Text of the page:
“These variances have hurt those on the short side of oil too. The difference though is you don’t hear them complaining about it, at least not as much as the longs do. At the end of the day, these numbers are real and they are what the whole world refers to as U.S. oil data. If you still feel otherwise, remember: You can’t fight City Hall.”

Oil: Market Settlements and Activity

New York-traded West Texas Intermediate, or WTI, crude for did a final trade of $76.45 on Friday, after settling the official session at $76.32 per barrel – up 93 cents, or 1.2%, on the day.

Earlier in the session, WTI fell as much as $1.28. But after the turnaround, the U.S. crude benchmark finished the week down just 2 cents, practically flat.

Brent for did a final trade of $83.23 on Friday, after settling the official session at $83.16 per barrel – up 96 cents, or 1.2%, on the day.

Brent fell as much as $1.12 earlier in the session. For the week, the global crude benchmark finished up 13 cents, or nearly flat too.

Oil: Price Outlook

WTI is at an inflection point after a narrow $4-trading range through the week with just two days of loss aversion at the end, said Sunil Kumar Dixit, chief technical strategist at

“The upside remains capped at $78 initially, above which the weekly Middle Bollinger Band of $80.15 looks like the next challenge,” said Dixit. “Strong acceptance above $80.20 will be seen as an endorsement for the major resistance zone at the 100-week SMA (Simple Moving Average) of $83.90 and the 50-week EMA (Exponential Moving Average) of $84.70.”

Failure to make a sustainable break above $80.20 will cause fresh weakness, prompting a quick drop to the recent low of under $74, he said. “WTI looks vulnerable to the ascending trend line support at $72.20,” Dixit added.

Natural gas: Market Settlements and Activity

The April gas contract on the New York Mercantile Exchange’s Henry Hub did a final trade of $2.726 per mmBtu, or metric million British thermal units, on Friday. It earlier settled the official session at $2.4510 — up 1.9 cents, or 0.8%. That gain was in addition to the previous day’s 5.8% rise that added a little more insulation for the contract from a retest of the $2 support that would open the trapdoor for its plunge again into $1 territory.

For the week, Henry Hub’s most-active gas contract rose 4.3%, marking only the second positive week in 10 for futures of the . March, the front-month contract on the hub, expired at Friday’s close, settling at $2. March gas fell to a 2-½-year low of $1.967 on Thursday.

The higher close of the past two sessions came after the Energy Information Administration reported that U.S. utilities pulled 71 bcf, or billion cubic feet, from U.S. during the week ended Feb. 17 for power generation and heating. That draw was just slightly above the 67-bcf consumption expected by industry analysts for last week. It also paled when compared to the 100-bcf usage from the prior week to Feb. 10. Yet, it seemed enough for now to keep gas anchored at mid-$2 levels.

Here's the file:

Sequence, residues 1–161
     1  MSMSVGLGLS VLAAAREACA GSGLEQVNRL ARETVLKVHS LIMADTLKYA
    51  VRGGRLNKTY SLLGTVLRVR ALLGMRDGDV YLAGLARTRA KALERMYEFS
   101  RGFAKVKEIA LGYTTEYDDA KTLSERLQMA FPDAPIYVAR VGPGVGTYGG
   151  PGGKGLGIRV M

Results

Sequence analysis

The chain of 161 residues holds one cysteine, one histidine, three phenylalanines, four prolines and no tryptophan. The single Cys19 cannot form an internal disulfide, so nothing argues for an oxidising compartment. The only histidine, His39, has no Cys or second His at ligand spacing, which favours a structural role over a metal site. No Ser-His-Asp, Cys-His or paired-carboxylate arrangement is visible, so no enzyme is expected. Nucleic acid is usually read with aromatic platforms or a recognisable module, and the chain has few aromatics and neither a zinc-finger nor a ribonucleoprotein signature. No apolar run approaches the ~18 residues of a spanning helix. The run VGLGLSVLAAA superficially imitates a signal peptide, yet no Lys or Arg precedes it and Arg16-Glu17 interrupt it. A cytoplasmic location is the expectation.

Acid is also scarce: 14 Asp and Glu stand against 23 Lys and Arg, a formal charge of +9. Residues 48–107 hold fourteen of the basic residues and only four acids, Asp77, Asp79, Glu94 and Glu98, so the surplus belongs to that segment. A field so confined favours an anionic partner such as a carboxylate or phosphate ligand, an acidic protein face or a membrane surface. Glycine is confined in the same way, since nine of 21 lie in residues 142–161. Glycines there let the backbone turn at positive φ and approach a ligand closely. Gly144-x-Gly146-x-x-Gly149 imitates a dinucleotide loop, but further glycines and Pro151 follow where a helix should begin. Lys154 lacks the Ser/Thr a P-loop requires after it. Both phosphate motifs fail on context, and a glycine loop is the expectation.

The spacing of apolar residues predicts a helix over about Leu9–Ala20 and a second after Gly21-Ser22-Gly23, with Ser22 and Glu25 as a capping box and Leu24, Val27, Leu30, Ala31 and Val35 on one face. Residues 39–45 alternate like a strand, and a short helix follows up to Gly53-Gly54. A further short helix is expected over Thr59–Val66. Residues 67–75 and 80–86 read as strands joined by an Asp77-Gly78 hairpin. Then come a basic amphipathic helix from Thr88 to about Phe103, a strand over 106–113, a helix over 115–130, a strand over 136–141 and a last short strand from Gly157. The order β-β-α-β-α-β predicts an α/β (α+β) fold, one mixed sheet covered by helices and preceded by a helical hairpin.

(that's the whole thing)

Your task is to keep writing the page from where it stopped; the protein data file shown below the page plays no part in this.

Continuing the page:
Natural gas: Price Outlook

Natural gas’s price action over the past week indicates consolidation above the $2 support and the possibility of some bounce towards $2.78 “on a conservative perspective”, said Dixit of SKCharting.

“On an immediate basis, the 4-hour chart, the RSI (Relative Strength Index) at 71 and the Stochastics at 99/95 all are giving signs of exhaustion at the lower end,” he said.

“For the short term, $2.33 is the support. If this is broken, it can push prices down towards $2.15.”

Resistance shifts to $2.68-$2.78 may be tested if the price action is supported by demand above the daily Middle Bollinger Band of $2.48, Dixit said.

“If the short-term rebound proves real above $2.78, we may be looking for the next leg higher of $3.5, which would really require strong energy among gas bulls.”

Gold: Market Settlements and Activity

​​Gold for on New York’s Comex did a final trade of $1,818 an ounce after officially settling Friday’s trading at $1,817.10, down $9.70, or 0.5%.

For the week, the benchmark gold futures contract lost $23.30, or 1.3%.

The , more closely followed than futures by some traders, settled at $1,811.60, down $10.71, or 0.6% on the day.

At the heart of the gold trade is the sinking feeling that the metal might be consumed by the same inflation it is supposed to be a hedge against, as the Federal Reserve gears to ratchet up rate hikes again amid stickier-than-thought price growth.

The latest trouble to gold came in the form of the Fed’s preferred inflation indicator – the , or PCE, Index – which grew 5.4% in the year to January, beating forecasts for the month as well as its previous growth in December.

The dollar hit a seven-week high against a basket of major currencies while the yields on the 2-year U.S. note hit their highest since 2007 amid a near reach of the 4% level for the benchmark note.

All these were on the back of expectations that the Fed will resort to more hawkish monetary action amid the “hotter inflation in the U.S.”, economist Greg Michalowski said in a post on the ForexLive forum.

U.S. , meanwhile, hit a 13-month high in February, according to a survey by the University of Michigan that showed Americans more optimistic about spending at a time the Fed actually needs them to show restraint.

Gold: Price Outlook

With the dollar back on a ramp-up, the spot price of gold looks set to advance on declines, said SKCharting’s Dixit.

“Going further, the 100-week SMA of $1,808.80 which stopped the decline of gold may be challenged further by gold bears trying to dig in a bit deeper into the 50-week EMA of $1,803, followed by the weekly Middle Bollinger Band of $1,796 and the 100 Day SMA of $1,792.”

Dixit said if selling intensifies below $1,800, gold is likely to witness a breaking through below the $1,796-$1,792 support areas and reach the $1,788 critical support.

It could even test the 200-Day SMA of $1,775 before resuming an uptrend, he said.

“As gold’s daily RSI has already reached 31, any further sell off below $1,800 or a drop to $1,788-$1,775 will push the daily RSI to extreme oversold conditions, calling for an imminent rebound to retest the broken-support-turned-resistance zone of $1,828.”

Disclaimer: Barani Krishnan does not hold positions in the commodities and securities he writes about.